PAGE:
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The Bay State

Welcome to Massachusetts - this makes a great starting point for your road trip adventures. These links will take you to the important location websites in order for you to drill down and find the things that you are most interested in doing. You can find many historical sites and museums with tours. Cities are steeped in rich cultural offerings. Scenic by-ways give you the opportunity for sightseeing and to photograph the natural beauty that abounds in all of the United States of America.

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Welcome to Massachusetts

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photos by dougtone

Trip Ideas for the Bay State by Julie Fitzgerald

Getting to Know Massachusetts
Massachusetts is home to some of the most important sites in US history, relating to the very first European settlements and the Revolutionary War. It is the first place to which the term New England was applied, and this is reflected in the large number of place names that originate from English towns. Much of the state is covered by forest and farmland, even though it is the most populous state in New England and the third most densely populated state in the US. The Appalachian mountain system runs through the Western end of the state, but the most distinctive feature is the beautiful Atlantic coast, with its sweeping bays and numerous islands, and the unmistakable hook of Cape Cod curling around on itself in the ocean. You can cross from Massachusetts into New Hampshire or Vermont to the north, Connecticut or Rhode Island to the south, or go west into New York.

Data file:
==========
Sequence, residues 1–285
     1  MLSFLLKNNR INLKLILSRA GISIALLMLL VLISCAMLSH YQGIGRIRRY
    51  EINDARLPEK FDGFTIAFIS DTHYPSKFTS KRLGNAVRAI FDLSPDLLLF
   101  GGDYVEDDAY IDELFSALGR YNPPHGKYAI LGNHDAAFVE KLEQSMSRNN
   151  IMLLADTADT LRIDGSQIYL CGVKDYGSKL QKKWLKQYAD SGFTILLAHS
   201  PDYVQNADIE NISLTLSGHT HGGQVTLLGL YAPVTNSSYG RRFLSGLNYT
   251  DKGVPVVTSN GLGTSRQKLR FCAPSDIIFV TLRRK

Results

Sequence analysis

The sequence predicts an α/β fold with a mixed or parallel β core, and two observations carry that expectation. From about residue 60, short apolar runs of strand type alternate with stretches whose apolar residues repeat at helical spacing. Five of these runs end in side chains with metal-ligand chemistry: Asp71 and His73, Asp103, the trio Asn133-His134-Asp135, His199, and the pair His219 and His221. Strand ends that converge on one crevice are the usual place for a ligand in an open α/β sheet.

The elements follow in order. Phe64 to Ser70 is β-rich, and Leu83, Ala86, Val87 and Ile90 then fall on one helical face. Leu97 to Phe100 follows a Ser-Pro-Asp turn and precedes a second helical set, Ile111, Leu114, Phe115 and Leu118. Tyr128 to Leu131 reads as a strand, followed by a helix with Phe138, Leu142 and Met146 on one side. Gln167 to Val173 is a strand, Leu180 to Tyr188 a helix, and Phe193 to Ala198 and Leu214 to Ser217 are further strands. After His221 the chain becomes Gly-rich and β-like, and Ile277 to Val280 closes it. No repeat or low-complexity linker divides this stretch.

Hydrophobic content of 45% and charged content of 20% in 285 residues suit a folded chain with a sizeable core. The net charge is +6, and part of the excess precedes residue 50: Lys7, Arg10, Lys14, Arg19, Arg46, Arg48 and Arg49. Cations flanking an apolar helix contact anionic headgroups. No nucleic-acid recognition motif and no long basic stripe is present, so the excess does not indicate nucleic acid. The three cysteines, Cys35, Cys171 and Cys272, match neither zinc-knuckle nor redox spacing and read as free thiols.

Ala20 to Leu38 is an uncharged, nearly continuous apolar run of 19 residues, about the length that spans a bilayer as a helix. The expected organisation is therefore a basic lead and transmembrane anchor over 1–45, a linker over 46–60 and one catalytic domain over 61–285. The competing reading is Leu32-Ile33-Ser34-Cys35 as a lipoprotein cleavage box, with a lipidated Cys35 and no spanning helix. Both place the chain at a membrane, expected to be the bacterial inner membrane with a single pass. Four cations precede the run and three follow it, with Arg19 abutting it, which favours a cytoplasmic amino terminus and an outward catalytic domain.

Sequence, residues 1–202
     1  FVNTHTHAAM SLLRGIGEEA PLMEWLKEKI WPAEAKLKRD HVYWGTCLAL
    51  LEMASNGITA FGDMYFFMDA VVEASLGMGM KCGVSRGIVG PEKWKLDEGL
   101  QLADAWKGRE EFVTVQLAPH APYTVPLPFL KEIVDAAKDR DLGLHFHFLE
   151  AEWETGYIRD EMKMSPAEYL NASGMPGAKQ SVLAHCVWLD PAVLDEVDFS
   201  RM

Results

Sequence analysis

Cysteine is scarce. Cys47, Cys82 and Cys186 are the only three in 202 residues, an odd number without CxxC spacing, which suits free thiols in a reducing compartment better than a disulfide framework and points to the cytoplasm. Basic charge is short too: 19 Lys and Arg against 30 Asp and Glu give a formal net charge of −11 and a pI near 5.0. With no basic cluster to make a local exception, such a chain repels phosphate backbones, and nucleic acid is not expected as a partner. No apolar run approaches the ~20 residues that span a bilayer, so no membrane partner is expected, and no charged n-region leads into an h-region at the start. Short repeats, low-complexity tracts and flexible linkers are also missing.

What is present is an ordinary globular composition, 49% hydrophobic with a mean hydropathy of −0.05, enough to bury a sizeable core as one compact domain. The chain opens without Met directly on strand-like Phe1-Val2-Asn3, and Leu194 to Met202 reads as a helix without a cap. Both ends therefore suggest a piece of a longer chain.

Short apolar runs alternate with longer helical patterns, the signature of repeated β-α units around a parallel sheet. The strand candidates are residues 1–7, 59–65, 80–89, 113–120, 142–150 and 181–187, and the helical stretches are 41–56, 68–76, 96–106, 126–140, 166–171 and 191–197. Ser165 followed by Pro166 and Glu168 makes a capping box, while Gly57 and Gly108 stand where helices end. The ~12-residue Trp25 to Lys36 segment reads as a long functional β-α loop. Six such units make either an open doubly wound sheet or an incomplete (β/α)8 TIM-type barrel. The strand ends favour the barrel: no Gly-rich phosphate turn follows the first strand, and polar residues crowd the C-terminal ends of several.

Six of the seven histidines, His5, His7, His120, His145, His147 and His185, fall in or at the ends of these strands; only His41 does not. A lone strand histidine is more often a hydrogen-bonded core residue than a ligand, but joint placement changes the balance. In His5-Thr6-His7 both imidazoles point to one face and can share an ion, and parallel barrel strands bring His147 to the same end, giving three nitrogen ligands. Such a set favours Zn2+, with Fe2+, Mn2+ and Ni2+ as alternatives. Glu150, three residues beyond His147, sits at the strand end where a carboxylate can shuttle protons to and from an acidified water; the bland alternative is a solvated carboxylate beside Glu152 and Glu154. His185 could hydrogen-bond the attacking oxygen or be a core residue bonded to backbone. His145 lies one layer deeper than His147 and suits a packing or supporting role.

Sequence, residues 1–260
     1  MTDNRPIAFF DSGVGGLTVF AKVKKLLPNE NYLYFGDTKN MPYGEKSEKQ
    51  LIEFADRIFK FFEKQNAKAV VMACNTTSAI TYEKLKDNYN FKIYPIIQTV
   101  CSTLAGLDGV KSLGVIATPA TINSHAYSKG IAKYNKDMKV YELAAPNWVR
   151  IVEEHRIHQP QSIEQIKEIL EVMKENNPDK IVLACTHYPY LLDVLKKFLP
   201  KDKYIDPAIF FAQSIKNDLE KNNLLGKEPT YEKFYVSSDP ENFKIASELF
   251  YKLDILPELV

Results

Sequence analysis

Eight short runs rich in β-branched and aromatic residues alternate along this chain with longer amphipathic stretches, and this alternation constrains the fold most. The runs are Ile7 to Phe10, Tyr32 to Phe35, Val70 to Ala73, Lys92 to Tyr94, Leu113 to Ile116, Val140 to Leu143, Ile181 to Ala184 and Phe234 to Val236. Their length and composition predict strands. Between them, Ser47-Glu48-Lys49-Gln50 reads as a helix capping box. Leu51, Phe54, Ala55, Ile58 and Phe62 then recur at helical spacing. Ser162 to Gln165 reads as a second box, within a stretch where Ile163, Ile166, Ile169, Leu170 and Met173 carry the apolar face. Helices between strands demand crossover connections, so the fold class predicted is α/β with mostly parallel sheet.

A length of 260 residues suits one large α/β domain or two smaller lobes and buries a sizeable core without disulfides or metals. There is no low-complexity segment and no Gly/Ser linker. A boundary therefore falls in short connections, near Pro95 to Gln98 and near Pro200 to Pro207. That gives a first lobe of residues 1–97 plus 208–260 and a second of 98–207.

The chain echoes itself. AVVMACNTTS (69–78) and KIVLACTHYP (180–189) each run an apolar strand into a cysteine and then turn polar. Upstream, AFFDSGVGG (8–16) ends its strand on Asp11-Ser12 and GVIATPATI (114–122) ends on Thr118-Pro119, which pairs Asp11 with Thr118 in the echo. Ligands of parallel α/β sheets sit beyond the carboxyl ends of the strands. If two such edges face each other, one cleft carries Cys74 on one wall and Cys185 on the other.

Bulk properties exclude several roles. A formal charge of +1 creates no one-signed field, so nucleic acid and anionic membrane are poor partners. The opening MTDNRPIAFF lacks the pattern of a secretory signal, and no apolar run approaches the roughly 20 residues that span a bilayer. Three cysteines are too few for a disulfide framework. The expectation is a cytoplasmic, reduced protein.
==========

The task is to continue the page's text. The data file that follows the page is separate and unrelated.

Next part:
Major Cities
The Greater Boston area is the main urban region in Massachusetts, and it is home to two thirds of the state's population. The city lies at the mouth of the Charles River, which meets the Atlantic at the inmost point of Massachusetts Bay. It is home to numerous sports teams including the Boston Red Sox, some excellent museums, and a number of universities including Harvard and MIT.
Day Trips in Massachusetts